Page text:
From "American Masterworks"
Who's Afraid of Virginia Woolf? (dir. Mike Nichols, 1966)
Mike Nichols would go on to have an incredible career as one of the United States most notable directors, and he made one hell of a debut with Who's Afraid of Virginia Woolf?, the film adaptation of Edward Albee's hit play. Richard Burton and Elizabeth Taylor - a Hollywood power couple famously on-the-rocks at the time - are perfectly cast as bitterly resentful couple George and Martha, playfully toying with young couple Nick (George Segal) and Honey (Sandy Dennis). As the booze flows, so do the pent-up frustrations and passions, as just about every character unveils their most unseemly attributes. Nichols orchestrates everything with perfect pitch, reining everything in with precision. That this film was only the beginning of his illustrious career only makes it all the more impressive.
The Best Years of Our Lives (dir. William Wyler, 1946)
Mark Harris' incredible nonfiction book Five Came Back has a phenomenal account of Wyler's time serving the United States during World War II. Given his experiences, it's no surprise that his first project after the war was The Best Years of Our Lives, a stunningly intimate account (given its nearly three-hour running time) of three servicemen returning from the war to the same hometown. Fredric March, Dana Andrews, and Harold Russell (a veteran who lost both of his arms in the war, making his acting debut) deliver captivating, heartbreaking performances as their characters struggle to make the adjustment to peacetime domesticity. Wyler demonstrates his prowess as a director through deep-focus photography that keeps the characters' environments perpetually in focus, paradoxically isolating them while also integrating them. There is perhaps no greater document of the adjustment after war than this film.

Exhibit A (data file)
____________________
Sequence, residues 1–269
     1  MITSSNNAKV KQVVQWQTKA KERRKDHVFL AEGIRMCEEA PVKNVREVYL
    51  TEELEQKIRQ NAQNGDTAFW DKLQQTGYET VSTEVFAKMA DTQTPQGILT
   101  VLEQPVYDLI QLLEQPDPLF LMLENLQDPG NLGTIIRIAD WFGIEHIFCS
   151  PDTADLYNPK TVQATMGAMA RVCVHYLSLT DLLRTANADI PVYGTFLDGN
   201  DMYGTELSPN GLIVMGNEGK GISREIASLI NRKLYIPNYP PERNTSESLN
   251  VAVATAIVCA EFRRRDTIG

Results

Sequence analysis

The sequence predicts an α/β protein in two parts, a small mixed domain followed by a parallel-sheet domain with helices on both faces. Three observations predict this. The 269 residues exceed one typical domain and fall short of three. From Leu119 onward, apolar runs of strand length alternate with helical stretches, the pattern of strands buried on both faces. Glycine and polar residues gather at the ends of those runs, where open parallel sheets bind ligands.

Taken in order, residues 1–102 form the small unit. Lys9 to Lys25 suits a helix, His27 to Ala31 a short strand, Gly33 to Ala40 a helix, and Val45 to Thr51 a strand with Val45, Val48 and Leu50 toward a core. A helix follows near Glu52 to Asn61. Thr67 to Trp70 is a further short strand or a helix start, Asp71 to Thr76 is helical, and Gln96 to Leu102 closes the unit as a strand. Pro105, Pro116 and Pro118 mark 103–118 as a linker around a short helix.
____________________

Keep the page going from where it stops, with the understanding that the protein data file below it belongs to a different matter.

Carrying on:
Films from Robert Altman, Francis Ford Coppola, Roman Polanski, and more after the jump.
The Long Goodbye (dir. Robert Altman, 1973)
Noir was fashionable again in the 1970s, with Roman Polanski's Chinatown (1974) serving as the exemplar and Brian De Palma's Obsession (1976) and Martin Scorsese's Taxi Driver (1976) reinventing and remixing the genre's elements. Robert Altman, still considered an independent iconoclast with a background in television, made his contribution to the trend with this adaptation of Raymond Chandler's Philip Marlowe novel. Elliott Gould stars as Marlowe, laconic and jaded, who has been tasked with solving the murder of a friend's wife. The film is a free-wheeling detective story that is less interested in the crime than it is in Marlowe's washed-out Los Angeles and the eccentric denizens that inhabit it. If you enjoyed Paul Thomas Anderson's Inherent Vice (2014), you'll want to give this film a shot.
*If that's not enough, the film also features a brief appearance by Arnold Schwarzenegger in one of his first film roles.
Shampoo (dir. Hal Ashby, 1975)
Warren Beatty's reputation as a playboy was well-known in the mid-1970s, which only made his casting as libidinous hairdresser George in Ashby's pointed satire all the more obvious. Yet Beatty gives one of his best performances in this film, perfectly embodying the sexual freedoms of the 1960s and the long hangover that came afterward. Julie Christie is excellent as George's forbidden paramour, while both Goldie Hawn and Lee Grant deliver as George's put-upon girlfriend and lover, respectively. Ashby's film is a scathing critique of what happens when free love dream comes to an end, and it works as both effective comedy and social commentary.